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Explorer's Journal: Our positive experience with at-home Covid tests

Secondary Categories: Miscellaneous

This is an anecdotal write-up of our team’s on-the-ground experience doing at-home Covid tests in December ’21 for re-entry to the USA. If you’re curious about entry requirements for our various destinations, check out “Countries open for North American travelers.” Note: travel regulations and entry requirements tend to change quickly, so for the most up-to-date information, please contact your Destination Expert.

 

The Background

In early December 2021 the USA started requiring that all international travelers provide proof of a negative Covid-19 test, taken within 24 hours prior to boarding the flight to the USA. Everyone age 02 and over must provide either a negative antigen or PCR test, regardless of their vaccination status.

 

Our Context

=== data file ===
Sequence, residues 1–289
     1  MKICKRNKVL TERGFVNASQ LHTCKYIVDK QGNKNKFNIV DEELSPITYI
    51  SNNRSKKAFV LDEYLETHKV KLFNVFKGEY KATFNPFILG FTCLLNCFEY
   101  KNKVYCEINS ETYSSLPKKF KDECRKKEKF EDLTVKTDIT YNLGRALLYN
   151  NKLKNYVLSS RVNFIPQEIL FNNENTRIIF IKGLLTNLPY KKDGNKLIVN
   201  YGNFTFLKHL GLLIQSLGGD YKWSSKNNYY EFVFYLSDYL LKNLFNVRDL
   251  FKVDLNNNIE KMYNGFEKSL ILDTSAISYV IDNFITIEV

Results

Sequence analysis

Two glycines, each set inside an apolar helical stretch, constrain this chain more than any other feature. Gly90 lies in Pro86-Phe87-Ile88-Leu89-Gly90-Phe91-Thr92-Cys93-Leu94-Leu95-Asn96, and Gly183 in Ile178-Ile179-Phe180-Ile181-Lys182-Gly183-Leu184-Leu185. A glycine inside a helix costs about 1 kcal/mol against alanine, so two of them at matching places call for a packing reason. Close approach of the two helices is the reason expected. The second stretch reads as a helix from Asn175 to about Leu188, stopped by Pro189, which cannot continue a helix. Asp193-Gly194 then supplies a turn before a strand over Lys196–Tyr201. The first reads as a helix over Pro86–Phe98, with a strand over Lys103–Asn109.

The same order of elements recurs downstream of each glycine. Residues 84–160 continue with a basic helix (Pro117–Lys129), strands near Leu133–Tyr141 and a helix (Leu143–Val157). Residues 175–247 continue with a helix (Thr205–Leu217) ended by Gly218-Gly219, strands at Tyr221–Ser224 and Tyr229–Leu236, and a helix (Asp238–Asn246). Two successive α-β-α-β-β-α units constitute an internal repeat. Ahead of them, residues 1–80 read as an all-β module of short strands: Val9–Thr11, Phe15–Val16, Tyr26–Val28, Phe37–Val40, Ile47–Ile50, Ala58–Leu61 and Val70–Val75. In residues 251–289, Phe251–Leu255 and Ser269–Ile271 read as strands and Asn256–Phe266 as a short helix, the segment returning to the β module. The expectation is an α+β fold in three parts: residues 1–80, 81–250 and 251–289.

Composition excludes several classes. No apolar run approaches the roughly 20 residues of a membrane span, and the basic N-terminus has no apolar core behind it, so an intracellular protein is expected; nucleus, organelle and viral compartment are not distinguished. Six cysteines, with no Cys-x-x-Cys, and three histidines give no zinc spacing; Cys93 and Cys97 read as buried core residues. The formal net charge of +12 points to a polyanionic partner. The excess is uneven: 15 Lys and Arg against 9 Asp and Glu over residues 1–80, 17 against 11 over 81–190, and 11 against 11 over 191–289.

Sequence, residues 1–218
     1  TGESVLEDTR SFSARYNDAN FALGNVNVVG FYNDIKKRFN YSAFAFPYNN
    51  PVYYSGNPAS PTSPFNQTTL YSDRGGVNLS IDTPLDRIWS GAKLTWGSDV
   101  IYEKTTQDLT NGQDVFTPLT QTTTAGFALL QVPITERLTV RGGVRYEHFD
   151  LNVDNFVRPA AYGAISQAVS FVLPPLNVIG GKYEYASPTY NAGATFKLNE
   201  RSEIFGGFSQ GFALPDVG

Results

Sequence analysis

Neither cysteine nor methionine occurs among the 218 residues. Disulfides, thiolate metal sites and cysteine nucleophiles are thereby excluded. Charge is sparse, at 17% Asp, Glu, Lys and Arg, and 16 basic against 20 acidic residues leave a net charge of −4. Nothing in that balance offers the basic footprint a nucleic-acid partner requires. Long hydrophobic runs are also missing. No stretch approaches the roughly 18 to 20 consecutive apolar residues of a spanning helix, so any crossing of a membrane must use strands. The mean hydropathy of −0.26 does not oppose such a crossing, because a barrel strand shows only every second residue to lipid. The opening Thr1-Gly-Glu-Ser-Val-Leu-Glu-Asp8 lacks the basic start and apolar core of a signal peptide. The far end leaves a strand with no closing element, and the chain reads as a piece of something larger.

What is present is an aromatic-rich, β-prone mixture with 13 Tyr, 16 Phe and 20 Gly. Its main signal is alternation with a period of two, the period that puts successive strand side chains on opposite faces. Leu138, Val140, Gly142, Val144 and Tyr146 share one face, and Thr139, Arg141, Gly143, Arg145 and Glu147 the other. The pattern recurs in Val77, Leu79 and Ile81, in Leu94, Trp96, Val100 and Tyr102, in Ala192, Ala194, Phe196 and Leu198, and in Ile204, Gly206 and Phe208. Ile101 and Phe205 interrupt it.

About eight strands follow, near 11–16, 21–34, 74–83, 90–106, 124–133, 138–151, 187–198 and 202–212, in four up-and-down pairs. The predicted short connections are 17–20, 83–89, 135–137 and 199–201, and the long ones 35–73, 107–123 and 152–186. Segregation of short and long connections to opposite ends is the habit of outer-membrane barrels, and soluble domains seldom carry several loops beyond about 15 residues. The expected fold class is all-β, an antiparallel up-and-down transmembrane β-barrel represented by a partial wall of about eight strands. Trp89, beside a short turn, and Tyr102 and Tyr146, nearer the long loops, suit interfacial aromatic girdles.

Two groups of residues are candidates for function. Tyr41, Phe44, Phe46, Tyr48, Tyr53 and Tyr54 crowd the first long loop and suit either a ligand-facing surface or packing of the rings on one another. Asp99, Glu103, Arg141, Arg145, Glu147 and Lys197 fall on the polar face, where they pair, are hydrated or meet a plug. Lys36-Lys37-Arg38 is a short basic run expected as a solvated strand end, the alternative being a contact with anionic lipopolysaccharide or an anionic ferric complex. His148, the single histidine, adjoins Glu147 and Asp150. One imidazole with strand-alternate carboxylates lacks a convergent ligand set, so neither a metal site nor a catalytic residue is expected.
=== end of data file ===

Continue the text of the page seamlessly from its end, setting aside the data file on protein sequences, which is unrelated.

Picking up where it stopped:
A few members of our team traveled to the remote Bocas del Toro archipelago of Panama in mid-December, meaning we needed to arrange reliable testing to facilitate a smooth return to the USA.

We pre-ordered at-home Covid tests (using a brand suggested by United, the airline we flew for this trip) and they were shipped to our home addresses prior to travel. We then brought these unopened tests with us in our luggage.

 

IMG 8389

The outside of our at-home Covid-19 test, with a clear message not to open until instructed to do so.

 

The Process

It’s surprisingly easy! Here is our recommended timeline:

At least 2 weeks prior to travel:

  • Order your tests online, to be shipped to your home address.

  • Important: We suggest ordering a minimum of 02 tests per traveler, to have an extra test available for pre-departure, or to have a second test handy in the (extremely) rare case you’d have a false positive test.

1-2 days prior to travel:

  • Familiarize yourself with the instructions on the test boxes. If the box says “do not open,” make sure to leave the seals in-place.